And that little draft sends us into a literary mystery-slash-thriller. Roland and Maud, our protagonists, set out to restructure and rewrite the biographies of the poets. But no, this is not your ordinary clue-finding novel. Just to brace yourself if you intend to read this, which I hope you would, Chapter 11, which is more or less near the end of the first quarter of the book, is eight pages of undulating Victorian poetry. It goes like this:

The more the Many were revealed to me
The more I pressed my hunt to find the One—
Prima Materia, Nature’s shifting shape
Still constant in her metamorphoses.

And there are more of such chapters, like about that “proem” The Fairy Melusine, which is supposed to be LaMotte’s magnum opus, and it goes without saying that it does not read like a fairy tale. During such chapters, I groan, but I read on. I don’t know where I drew the will and strength to make an effort. I tried my best to understand these chapters, and all the snippets of poetry here and there, and I think there’s a little success because I can still recall the image of that Fairy Melusine, which I wouldn’t describe for you.

Another factor is one of my bookish friends giving me hopes, which were not in vain, that I’ll find something beautiful in the end. He even suggested that I skip all the poetry, which he did and which I am not inclined to do because I prefer to read every word in my book, thank you very much.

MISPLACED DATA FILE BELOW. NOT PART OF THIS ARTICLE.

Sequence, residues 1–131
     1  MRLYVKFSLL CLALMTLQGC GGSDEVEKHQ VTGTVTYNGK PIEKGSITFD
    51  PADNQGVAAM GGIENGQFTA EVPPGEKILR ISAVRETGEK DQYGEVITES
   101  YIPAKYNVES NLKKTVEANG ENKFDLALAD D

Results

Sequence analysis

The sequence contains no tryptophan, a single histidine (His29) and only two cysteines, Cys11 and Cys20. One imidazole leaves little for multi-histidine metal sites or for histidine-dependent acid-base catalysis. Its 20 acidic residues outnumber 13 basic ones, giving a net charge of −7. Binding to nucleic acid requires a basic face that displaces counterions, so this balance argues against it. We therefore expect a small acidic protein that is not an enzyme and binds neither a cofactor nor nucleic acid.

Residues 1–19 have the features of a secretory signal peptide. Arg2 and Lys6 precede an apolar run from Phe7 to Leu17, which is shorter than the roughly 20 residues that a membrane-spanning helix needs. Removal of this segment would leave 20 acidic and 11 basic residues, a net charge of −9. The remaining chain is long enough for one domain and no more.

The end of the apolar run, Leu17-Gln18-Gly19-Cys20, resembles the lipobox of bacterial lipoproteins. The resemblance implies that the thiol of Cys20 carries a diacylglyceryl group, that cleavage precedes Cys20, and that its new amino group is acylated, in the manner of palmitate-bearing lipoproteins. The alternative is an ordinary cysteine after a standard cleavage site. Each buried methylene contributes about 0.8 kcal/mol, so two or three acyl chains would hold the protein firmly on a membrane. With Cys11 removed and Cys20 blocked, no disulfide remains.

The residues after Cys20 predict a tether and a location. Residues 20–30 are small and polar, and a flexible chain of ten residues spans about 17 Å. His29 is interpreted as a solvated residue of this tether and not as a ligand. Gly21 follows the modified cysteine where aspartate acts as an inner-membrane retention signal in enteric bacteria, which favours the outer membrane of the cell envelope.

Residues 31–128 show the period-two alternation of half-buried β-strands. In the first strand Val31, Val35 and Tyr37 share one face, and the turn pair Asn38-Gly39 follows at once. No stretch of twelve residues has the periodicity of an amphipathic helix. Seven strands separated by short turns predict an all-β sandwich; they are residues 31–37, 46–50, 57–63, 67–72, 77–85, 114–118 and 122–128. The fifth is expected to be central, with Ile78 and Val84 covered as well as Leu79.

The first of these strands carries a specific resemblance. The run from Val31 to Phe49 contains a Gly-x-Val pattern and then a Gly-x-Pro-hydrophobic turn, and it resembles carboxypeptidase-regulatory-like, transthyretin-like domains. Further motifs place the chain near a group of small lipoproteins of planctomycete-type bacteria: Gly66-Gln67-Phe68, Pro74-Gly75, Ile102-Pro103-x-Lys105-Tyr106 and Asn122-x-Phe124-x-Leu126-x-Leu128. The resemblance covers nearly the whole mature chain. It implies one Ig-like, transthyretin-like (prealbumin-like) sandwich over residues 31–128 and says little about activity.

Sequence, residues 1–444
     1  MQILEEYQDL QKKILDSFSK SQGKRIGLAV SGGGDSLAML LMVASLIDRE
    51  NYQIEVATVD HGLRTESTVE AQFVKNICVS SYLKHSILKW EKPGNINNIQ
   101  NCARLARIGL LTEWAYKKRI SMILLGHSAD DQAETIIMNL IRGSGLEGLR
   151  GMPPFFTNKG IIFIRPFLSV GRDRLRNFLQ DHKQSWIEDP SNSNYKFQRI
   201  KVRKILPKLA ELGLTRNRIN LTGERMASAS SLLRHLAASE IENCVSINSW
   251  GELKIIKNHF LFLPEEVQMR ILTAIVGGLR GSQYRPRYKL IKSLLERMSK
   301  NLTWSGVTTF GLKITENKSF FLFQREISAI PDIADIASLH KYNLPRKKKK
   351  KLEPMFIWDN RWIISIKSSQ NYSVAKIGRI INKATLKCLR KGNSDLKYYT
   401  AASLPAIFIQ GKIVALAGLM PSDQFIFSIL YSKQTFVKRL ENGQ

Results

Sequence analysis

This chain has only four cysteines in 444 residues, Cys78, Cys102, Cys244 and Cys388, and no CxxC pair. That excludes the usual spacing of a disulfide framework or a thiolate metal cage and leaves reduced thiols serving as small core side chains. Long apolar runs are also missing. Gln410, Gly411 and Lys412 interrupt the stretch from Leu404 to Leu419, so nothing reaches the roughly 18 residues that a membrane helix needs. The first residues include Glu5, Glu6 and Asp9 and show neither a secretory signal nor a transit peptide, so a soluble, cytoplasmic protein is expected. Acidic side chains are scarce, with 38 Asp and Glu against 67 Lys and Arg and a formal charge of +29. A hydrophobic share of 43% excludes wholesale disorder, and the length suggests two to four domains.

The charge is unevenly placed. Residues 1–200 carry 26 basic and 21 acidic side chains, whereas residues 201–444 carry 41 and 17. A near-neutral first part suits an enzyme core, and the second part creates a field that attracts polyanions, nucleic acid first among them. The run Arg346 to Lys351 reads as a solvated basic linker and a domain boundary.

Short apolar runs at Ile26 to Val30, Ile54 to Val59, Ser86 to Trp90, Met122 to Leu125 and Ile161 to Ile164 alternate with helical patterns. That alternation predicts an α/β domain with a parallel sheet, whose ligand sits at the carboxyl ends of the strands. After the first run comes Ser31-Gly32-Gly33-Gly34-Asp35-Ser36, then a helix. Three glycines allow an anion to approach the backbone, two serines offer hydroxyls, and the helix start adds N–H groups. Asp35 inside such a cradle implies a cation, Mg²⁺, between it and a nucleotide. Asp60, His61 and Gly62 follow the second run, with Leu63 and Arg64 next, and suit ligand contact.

And I would not want to fail to mention the letters and journals of certain characters in the novel. Really, this is like an anthology. Reading these made me feel the real letters were in my hands. Beautifully written, I admit, but in a language that I’ll never hear in everyday conversations, even with my most intellectual friends. Of course, these are from poets, what can you expect?

Overall, I decided that I would hate this novel. I just need the justification of having finished the novel. But what happened? Why am I even hoping of influencing at least one person to read this novel?

4 star - really liked itI was ecstatic when I felt that the remaining number of pages left is dwindling. I got myself a liter of beer. Red Horse, anyone? Yes, I read the last couple of chapters with beer circulating in my veins. It’s not advisable. Anticipate a jackhammering headache if you want to try it. And if you try it with this novel, expect the floodgates of tears to unlatch.

I utterly hated Christabel LaMotte! That snooty, large-toothed, pale, unclassy woman! If it weren’t for her poetic chutzpah, I doubt that Randolph Henry Ash would ever go to bed with her. The nerve of this woman to jeopardize the marriage of a respected aristocratic poet!

But in the end, I changed my mind on a lot of things. I felt that I could not really hate this novel despite the difficulties. Even if I say so, I wouldn’t be able to hide the lurking delight. Besides, I really felt for Christabel. All the hatred melted in that last letter. How could she endure protecting a truth that cannot become a known truth? And save the people she loves by what, exiling herself? I always thought what a selfish little bitch Christabel is, but ultimately, she is the only selfless character in the novel.

And perhaps the only one to have truly known how love’s flames can set temptation’s wings on fire.